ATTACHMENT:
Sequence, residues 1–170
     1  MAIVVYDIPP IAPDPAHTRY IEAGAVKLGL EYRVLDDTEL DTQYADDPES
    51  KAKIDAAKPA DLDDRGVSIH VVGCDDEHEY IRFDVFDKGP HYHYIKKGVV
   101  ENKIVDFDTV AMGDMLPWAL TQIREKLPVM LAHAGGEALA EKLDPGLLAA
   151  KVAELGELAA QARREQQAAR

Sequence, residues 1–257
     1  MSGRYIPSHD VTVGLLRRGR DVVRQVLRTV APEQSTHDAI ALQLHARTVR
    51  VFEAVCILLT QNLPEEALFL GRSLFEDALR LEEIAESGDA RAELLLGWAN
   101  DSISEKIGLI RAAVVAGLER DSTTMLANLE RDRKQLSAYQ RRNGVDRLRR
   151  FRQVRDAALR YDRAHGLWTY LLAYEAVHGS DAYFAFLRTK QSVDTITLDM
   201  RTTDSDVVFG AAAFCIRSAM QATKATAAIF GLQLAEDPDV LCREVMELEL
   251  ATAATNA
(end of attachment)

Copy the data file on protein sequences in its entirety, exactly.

Sequence, residues 1–170
     1  MAIVVYDIPP IAPDPAHTRY IEAGAVKLGL EYRVLDDTEL DTQYADDPES
    51  KAKIDAAKPA DLDDRGVSIH VVGCDDEHEY IRFDVFDKGP HYHYIKKGVV
   101  ENKIVDFDTV AMGDMLPWAL TQIREKLPVM LAHAGGEALA EKLDPGLLAA
   151  KVAELGELAA QARREQQAAR

Sequence, residues 1–257
     1  MSGRYIPSHD VTVGLLRRGR DVVRQVLRTV APEQSTHDAI ALQLHARTVR
    51  VFEAVCILLT QNLPEEALFL GRSLFEDALR LEEIAESGDA RAELLLGWAN
   101  DSISEKIGLI RAAVVAGLER DSTTMLANLE RDRKQLSAYQ RRNGVDRLRR
   151  FRQVRDAALR YDRAHGLWTY LLAYEAVHGS DAYFAFLRTK QSVDTITLDM
   201  RTTDSDVVFG AAAFCIRSAM QATKATAAIF GLQLAEDPDV LCREVMELEL
   251  ATAATNA